Year 1, 2 and 3 Awarded Projects

The CAP Program emphasizes continued outreach through project implementation. To leave a comment about potentially funded projects or any other aspects of AB 617 or the CAP Program, email Andrew Mutziger at [email protected].

Year 1 or 2 Project Located in a Low-Income Community? Project Awarded Name Brief Project Description Award Amount Provided Status
Year 1 Yes Paso Robles Joint Unified School District This project replaced a 1989 diesel school bus with a Bluebird 72 passenger green power all electric bus. Paso Robles Joint USD was the only school bus application received that was zero emission and located in the low-income zone.  $176,550 Completed
Year 1  Yes Paso Robles Join Unified School District The project includes the installed a level 3 electric vehicle charger to power Paso Robles Joint USD new electric bus.  $255,970 Completed
Year 1 No Paulo Pecora This project includes the installation of one level 3 electric vehicle charger in San Miguel, California.  $105,450 Completed
Year 1 Yes City of San Luis Obispo This project would help fund an EV ARC solar-powered L2 EV Charger at the SLO City Hall to be used for fleet and staff vehicles. $60,820 Completed
Year 1 Yes City of Grover Beach This project would help fund the City of Grover Beach Train Station Expansion Project by installing two L2 EV charging stations.   $17,650 Completed
Year 1 Yes San Luis Coastal USD This project would help replace a diesel bus for a new cleaner burning diesel bus. $165,000 Completed
Year 2 Yes San Luis Obispo Regional Transit This project would help fund SLO Regional Transit’s new bus maintenance facility by installing two Battery Electric Bus charging stations. $787,655 Completed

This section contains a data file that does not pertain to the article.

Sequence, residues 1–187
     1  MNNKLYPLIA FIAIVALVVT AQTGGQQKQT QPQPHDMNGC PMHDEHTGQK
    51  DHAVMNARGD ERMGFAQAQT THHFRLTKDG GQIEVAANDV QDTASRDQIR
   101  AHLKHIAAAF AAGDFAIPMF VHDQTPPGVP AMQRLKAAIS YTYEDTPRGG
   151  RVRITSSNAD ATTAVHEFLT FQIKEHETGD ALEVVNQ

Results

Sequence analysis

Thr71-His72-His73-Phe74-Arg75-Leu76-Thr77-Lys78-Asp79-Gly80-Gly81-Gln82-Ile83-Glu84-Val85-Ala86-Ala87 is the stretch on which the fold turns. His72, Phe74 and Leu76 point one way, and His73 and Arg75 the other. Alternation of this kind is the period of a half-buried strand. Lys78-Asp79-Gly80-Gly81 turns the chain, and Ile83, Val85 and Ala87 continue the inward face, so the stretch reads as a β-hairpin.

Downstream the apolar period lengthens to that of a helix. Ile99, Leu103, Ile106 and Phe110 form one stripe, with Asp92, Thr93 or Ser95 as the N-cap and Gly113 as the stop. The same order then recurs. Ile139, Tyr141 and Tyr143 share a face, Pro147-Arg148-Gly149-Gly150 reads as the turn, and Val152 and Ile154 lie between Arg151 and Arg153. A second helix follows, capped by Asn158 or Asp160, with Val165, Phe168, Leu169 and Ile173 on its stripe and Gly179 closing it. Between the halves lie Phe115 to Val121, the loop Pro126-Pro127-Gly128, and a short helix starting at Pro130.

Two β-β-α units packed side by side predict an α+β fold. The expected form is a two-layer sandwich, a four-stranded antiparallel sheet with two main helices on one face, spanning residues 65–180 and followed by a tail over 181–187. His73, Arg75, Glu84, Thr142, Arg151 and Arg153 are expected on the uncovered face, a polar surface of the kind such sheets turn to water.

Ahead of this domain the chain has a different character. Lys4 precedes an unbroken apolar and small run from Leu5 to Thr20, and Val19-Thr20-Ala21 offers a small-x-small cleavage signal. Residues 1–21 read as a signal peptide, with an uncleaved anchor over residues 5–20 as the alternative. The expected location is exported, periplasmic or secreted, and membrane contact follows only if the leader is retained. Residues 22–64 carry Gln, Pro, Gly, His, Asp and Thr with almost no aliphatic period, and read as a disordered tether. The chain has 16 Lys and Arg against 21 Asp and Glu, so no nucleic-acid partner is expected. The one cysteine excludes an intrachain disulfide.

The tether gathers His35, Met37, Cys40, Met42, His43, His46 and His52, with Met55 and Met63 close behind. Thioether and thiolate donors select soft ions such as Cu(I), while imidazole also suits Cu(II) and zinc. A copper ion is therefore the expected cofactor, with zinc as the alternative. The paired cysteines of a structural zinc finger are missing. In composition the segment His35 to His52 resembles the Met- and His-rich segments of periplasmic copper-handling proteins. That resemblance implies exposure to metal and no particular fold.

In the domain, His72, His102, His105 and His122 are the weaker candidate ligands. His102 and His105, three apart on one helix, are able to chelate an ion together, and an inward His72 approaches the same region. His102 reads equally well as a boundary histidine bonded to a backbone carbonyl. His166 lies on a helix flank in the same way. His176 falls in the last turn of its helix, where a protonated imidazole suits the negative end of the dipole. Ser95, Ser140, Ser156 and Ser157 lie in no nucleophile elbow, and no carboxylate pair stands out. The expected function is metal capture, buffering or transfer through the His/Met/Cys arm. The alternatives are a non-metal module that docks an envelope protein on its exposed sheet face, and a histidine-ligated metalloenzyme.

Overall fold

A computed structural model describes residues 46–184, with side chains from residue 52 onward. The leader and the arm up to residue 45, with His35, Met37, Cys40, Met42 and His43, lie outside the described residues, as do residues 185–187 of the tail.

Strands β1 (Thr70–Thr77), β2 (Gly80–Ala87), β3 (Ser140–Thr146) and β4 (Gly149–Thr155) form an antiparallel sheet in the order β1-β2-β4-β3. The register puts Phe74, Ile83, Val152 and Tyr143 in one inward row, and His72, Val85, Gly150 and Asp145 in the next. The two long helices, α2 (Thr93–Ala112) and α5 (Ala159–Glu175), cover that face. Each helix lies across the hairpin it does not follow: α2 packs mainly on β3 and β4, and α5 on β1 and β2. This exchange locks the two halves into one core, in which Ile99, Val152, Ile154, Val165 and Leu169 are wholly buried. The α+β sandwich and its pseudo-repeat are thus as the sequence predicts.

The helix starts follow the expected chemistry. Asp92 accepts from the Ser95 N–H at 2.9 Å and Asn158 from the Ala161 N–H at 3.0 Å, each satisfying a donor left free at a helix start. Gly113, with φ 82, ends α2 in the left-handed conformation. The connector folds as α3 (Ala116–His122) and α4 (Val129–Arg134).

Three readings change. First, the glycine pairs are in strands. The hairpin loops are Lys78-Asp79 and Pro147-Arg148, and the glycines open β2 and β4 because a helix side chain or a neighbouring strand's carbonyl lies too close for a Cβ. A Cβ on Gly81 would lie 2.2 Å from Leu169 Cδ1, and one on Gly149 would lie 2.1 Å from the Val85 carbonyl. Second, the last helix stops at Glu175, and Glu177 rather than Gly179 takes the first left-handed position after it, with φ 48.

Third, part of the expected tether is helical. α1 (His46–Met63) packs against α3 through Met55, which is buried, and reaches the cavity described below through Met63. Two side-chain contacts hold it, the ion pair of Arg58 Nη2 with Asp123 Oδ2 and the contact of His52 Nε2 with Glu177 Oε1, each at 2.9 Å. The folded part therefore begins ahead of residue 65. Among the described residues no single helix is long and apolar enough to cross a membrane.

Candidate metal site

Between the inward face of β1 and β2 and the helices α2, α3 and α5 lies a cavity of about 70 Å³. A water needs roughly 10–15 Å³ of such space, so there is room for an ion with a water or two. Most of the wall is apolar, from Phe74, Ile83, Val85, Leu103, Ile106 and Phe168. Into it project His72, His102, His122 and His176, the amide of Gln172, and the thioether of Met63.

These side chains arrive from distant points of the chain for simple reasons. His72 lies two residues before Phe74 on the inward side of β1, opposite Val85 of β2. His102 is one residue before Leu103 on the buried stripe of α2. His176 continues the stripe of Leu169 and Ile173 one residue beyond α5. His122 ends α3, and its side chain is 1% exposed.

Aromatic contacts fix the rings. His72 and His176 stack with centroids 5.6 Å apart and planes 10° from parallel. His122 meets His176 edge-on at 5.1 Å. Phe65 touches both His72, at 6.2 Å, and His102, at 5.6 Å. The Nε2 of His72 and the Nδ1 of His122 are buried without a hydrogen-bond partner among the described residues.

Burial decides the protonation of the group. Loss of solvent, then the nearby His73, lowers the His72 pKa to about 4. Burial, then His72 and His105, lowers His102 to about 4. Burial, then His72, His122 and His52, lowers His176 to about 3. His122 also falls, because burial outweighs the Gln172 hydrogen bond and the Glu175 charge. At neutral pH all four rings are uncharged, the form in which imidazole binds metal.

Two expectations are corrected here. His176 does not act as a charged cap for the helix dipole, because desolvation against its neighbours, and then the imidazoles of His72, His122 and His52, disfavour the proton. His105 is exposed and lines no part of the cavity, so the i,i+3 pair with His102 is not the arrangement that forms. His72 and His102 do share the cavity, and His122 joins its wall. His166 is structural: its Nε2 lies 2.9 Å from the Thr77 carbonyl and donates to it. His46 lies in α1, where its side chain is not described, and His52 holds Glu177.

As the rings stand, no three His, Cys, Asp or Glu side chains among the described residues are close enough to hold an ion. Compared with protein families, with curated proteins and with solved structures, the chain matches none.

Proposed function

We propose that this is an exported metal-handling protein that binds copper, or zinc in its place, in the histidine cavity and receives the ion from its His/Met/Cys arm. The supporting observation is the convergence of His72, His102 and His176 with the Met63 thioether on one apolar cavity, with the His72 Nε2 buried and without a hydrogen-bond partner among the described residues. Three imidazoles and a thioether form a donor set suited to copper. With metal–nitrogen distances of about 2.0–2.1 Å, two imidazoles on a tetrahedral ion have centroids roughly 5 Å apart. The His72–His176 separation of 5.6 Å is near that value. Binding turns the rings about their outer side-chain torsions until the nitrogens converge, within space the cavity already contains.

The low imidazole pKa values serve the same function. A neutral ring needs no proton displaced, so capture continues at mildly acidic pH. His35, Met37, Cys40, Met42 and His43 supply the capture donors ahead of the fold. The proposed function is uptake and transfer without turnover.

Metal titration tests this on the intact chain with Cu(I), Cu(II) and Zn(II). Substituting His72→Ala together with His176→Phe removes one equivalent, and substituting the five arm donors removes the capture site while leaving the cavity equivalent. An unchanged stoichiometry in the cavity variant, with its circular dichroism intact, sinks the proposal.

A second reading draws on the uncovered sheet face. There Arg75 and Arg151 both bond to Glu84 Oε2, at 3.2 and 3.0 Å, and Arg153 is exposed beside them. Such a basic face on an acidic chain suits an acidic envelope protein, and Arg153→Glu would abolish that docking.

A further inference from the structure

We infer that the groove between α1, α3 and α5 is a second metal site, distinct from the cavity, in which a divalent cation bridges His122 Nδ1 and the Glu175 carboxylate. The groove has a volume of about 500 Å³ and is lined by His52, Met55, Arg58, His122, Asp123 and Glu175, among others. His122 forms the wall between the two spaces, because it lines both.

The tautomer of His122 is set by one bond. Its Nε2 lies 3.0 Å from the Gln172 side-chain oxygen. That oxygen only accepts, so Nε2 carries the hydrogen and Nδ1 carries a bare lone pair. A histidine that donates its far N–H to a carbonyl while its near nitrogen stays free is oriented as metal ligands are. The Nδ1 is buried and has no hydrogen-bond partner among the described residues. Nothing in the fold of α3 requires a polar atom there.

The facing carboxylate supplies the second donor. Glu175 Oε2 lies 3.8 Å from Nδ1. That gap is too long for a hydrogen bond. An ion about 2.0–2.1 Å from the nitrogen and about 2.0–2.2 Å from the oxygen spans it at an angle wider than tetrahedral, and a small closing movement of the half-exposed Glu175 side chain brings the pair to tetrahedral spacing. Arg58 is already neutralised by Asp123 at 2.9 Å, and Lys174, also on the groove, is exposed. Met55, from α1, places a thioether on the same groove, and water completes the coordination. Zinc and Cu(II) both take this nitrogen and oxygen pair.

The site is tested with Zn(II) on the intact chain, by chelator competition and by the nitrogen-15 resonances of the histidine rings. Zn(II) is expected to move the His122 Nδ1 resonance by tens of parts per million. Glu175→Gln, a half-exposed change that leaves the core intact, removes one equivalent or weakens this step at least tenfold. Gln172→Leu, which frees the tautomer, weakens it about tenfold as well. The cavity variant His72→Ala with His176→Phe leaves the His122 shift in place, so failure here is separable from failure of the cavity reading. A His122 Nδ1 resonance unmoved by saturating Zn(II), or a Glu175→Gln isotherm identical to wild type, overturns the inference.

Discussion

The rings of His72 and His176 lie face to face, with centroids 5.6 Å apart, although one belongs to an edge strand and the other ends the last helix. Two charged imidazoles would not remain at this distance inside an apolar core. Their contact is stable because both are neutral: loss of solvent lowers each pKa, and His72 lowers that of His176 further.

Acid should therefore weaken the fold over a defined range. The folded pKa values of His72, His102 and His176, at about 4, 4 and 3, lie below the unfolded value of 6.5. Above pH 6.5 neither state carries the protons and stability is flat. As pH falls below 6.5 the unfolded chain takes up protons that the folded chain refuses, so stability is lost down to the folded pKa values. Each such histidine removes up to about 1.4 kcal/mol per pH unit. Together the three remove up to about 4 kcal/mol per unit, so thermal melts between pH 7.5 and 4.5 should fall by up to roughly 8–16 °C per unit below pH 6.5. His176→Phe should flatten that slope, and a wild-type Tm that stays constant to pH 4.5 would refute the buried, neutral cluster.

Year 3  Yes Cal Poly Corporation The project includes the installation of four EV chargers on the Cal Poly Campus. $21,510 Completed
Year 3 No Justin Vineyards This project will provide funding towards the installation of five Level 2 electric vehicle chargers at the Tasting and Production Facility in Paso Robles. $28,222 In progress
Year 3 Yes San Luis Coast Unified School District This project will fund two Level 2 EV chargers for tenants $90,463 In progress
Year 3 No Daniel's Woodland This project would help install a DCFC at Daniel's Woodland in Paso Robles. $135,790 Completed
Year 3  Yes San Miguel Vineyards Replacement of a 2000, Tier 1 diesel tractor with a new 2021 tractor $50,710 Completed
Year 3/5 Yes Sierra Vista Hospital     In Progress
Year 4/5 Yes Oceano CSD     In Progress
Year 4/5 Yes La Cuesta Inn     In Progress
Year 4/5  Yes  694 Santa Rosa     In Progress
Year 4/5 Yes Mullahey Ford     In Progress
Year 4/5  Yes City of Morro Bay     In Progress
Yes 4/5 Yes City of Morro Bay     In Progress
Yes 4/5 Yes SLO Transit     In Progress


If you have questions related to the Community Air Protection Plan, contact Andrew Mutziger at 805-781-5912.

Community Air Protection Program Archive Page

Funding Source Acknowledgement

The Community Air Protection Plan is part of California Climate Investments, a statewide program that puts billions of Cap-and-Trade dollars to work reducing GHG emissions, strengthening the economy, and improving public health and the environment– particularly in disadvantaged communities. The Cap-and-Trade program also creates a financial incentive for industries to invest in clean technologies and develop innovative ways to reduce pollution. California Climate Investments projects include affordable housing, renewable energy, public transportation, zero-emission vehicles, environmental restoration, more sustainable agriculture, recycling, and much more. At least 35 percent of these investments are located within and benefiting residents of disadvantaged communities, low-income communities, and low-income households across California. For more information, visit the California Climate Investments website at: www.caclimateinvestments.ca.gov.

To see the results of all CCI projects, read the annual report here: http://www.caclimateinvestments.ca.gov/annual-report